BMW Group Signs Deal to Build Electric Minis in China

Matt Posky
by Matt Posky
bmw group signs deal to build electric minis in china

BMW Group has signed with Great Wall Motors to produce Mini-branded vehicles in China. This is the German automotive group’s second joint venture in the region and will not affect its current alliance with Brilliance Auto — which builds BMW models specifically equipped to appeal to the Chinese market.

The same will be true for the Mini deal with Great Wall, as the entirety of the production line will be electric vehicles. While the main reason for this is to ensure BMW hits its government-imposed quota for EVs, Great Wall said the venture would help it meet the needs of Chinese consumers and tap into the new energy vehicle market both home and abroad.

Mini has said a production version of the Mini Electric Concept won’t happen until November of 2019, but there’s been buzz that the automaker may seek widespread electrification after that. Interestingly, Chinese Minis will use a new platform developed by the joint venture, rather than rely on whatever architecture the Western-built EV adheres to. That’s two separate plug-in product lines. Will EV exclusivity be the future of the brand?

With automakers scrambling to meet strict new targets in China, — which has called for electric and rechargeable hybrid vehicles to account for a fifth of an automaker’s total sales by 2025 — BMW Group could be positioning Mini to assume the majority of the responsibility. However, as a separate marque with a completely different partner, it’s unlikely the Mini EVs will count toward the rest of the auto group’s total.

Instead, Mini might serve as a testbed to help BMW make up its mind on how to approach the Chinese rules. Larger companies will be expected to produce over a million plug-ins in just a couple of years to satisfy the new electrification and fuel economy requirements. The catch is, the consumer base doesn’t yet purchase enough of them to support those numbers. An automaker could be diving headlong into disaster if it isn’t totally prepared.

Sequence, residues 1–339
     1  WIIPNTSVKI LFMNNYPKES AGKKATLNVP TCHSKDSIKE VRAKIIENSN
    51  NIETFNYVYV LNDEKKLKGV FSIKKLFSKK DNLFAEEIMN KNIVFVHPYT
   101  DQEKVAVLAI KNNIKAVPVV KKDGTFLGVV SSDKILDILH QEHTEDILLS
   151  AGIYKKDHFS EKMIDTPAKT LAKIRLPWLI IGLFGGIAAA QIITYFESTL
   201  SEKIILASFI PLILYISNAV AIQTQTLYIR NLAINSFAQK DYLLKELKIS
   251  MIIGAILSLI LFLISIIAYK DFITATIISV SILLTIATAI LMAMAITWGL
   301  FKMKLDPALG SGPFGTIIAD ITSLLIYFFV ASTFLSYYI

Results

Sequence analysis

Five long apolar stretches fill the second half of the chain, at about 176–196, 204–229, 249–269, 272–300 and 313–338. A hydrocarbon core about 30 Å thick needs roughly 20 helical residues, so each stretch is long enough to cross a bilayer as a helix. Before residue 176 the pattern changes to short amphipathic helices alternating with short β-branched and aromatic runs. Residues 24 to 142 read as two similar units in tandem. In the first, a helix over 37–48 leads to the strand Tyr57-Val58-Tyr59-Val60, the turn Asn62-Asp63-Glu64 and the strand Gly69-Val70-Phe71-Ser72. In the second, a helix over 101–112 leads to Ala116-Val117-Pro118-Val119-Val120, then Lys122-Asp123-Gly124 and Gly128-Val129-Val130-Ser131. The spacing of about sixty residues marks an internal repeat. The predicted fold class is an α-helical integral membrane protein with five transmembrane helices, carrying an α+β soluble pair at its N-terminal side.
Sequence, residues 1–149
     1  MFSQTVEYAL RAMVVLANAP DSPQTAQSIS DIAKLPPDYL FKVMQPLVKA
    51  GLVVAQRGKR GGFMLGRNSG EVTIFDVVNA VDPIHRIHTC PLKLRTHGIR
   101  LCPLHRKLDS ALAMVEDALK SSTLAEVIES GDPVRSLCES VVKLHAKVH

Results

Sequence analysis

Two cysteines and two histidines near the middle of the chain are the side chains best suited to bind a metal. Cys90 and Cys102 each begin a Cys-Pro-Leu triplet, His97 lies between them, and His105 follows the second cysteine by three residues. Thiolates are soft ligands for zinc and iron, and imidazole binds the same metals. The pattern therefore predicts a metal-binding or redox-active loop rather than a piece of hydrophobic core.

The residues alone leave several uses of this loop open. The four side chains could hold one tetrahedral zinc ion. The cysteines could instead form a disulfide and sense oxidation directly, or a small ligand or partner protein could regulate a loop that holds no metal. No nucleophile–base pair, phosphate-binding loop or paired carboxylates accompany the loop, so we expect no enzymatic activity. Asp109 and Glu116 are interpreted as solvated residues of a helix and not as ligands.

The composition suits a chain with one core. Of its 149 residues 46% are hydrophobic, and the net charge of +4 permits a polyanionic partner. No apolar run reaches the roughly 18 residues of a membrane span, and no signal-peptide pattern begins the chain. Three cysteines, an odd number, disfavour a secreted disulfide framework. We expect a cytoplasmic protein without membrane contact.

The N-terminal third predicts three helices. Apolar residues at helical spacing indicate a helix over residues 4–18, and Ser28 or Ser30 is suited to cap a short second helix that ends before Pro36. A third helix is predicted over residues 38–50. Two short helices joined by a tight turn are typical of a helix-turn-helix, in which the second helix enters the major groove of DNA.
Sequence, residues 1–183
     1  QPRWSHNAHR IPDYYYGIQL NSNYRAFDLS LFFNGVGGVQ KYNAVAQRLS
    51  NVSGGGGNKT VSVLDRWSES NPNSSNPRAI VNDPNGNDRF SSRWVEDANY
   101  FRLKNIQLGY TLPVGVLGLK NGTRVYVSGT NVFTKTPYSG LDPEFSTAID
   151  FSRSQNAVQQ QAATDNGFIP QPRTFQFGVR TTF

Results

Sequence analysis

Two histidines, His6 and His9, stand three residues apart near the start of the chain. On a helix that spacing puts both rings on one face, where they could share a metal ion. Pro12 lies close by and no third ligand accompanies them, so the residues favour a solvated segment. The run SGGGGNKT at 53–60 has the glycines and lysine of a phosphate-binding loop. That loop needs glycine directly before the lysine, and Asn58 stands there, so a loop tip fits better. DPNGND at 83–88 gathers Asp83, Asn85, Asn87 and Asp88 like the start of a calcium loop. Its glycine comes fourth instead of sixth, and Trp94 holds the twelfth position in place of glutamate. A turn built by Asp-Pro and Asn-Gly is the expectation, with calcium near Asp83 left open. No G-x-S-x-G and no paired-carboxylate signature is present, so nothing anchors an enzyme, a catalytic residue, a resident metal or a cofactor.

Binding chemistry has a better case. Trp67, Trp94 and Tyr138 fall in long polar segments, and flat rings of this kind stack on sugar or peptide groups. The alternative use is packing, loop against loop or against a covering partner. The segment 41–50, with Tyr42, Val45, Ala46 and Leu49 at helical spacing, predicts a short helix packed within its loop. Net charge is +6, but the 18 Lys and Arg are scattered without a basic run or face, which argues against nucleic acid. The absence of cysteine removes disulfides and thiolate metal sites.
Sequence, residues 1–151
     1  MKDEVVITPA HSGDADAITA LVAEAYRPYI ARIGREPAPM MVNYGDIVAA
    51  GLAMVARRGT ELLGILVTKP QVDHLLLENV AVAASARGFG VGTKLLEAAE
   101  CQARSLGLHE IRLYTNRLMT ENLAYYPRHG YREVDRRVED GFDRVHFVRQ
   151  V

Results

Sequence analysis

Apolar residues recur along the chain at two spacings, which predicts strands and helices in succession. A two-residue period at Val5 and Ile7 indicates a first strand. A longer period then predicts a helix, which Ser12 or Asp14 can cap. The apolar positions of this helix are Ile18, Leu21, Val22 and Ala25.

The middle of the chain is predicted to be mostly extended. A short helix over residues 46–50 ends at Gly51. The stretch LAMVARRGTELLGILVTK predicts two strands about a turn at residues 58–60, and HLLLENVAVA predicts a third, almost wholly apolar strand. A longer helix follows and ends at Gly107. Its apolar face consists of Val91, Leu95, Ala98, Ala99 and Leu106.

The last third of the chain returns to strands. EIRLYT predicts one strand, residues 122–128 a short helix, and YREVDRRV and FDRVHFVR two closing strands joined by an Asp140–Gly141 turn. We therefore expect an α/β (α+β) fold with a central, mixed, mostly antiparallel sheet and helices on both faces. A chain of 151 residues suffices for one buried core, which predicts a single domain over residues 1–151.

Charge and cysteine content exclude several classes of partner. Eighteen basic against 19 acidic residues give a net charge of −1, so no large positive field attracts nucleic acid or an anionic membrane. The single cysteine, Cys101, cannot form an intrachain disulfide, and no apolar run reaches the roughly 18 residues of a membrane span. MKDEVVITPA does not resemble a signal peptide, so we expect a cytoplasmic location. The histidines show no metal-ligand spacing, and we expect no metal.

Reuters reported that the Chinese venture could start making the electric Mini in 2021 or 2022, adding it would also produce models under the Great Wall brand.

Analysts at Bernstein claim they were confused as to why BMW opted to have a minority stake in the deal. Holding less than than a 50-percent stake would give Great Wall rights to any intellectual property the two companies develop together. Neither company has been willing to elaborate further on the deal.

“Next steps will be to agree on the details of a possible joint venture and cooperation agreement and clarify aspects such as the choice of production location and concrete investments,” BMW said. It a separate statement, it also explained it would further expand its alliance with Brilliance.

[Image: BMW Group]

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2 of 5 comments
  • Tele Vision Tele Vision on Feb 23, 2018

    Great. A Mini with a huge back seat and a battery. Sign. Me. Up.

  • HotPotato HotPotato on Mar 07, 2018

    1. To most folks, a Mini and a Fiat 500 look nearly identical. 2. In the US, EVs sell mostly in California. 3. California is already awash in Fiat 500e electrics, which can be leased new for peanuts or bought used for pocket change. 4. So since the new Mini EV was announced, I have been wondering, where on earth does Mini think they're going to sell it? Now we know: China! (But on a new platform...presumably engineered to omit the costly bits, such as safety and durability.)

  • Poltergeist Make sure you order the optional Dungdai fire suppression system.
  • Prabirmehta I charge my EV at home 100% of the time. The EV is used for in-town driving and the gas guzzling SUV is used for out of town trips. This results in a huge cost saving and rare trips to the gas station.
  • Conundrum Three cylinder Ford Escapes, Chevy whatever it is that competes, and now the Rogue. Great, ain't it? Toyota'll be next with a de-tuned GR Corolla/Yaris powerplant. It's your life getting better and better, yes indeed. A piston costs money, you know.The Rogue and Altima used to have the zero graviy foam front seats. Comfy, but the new Rogue dumps that advance. Costs money. And that color-co-ordinated gray interior, my, ain't it luvverly? Ten years after they perfected it in the first Versa to appeal to the terminally depressed, it graduates to the Rogue.There's nothing decent to buy on the market for normal money. Not a damn thing interests me at all.
  • Inside Looking Out It looks good and is popular in SF Bay Area.
  • Inside Looking Out Ford F150 IMHO. It is a true sports car on our freeways.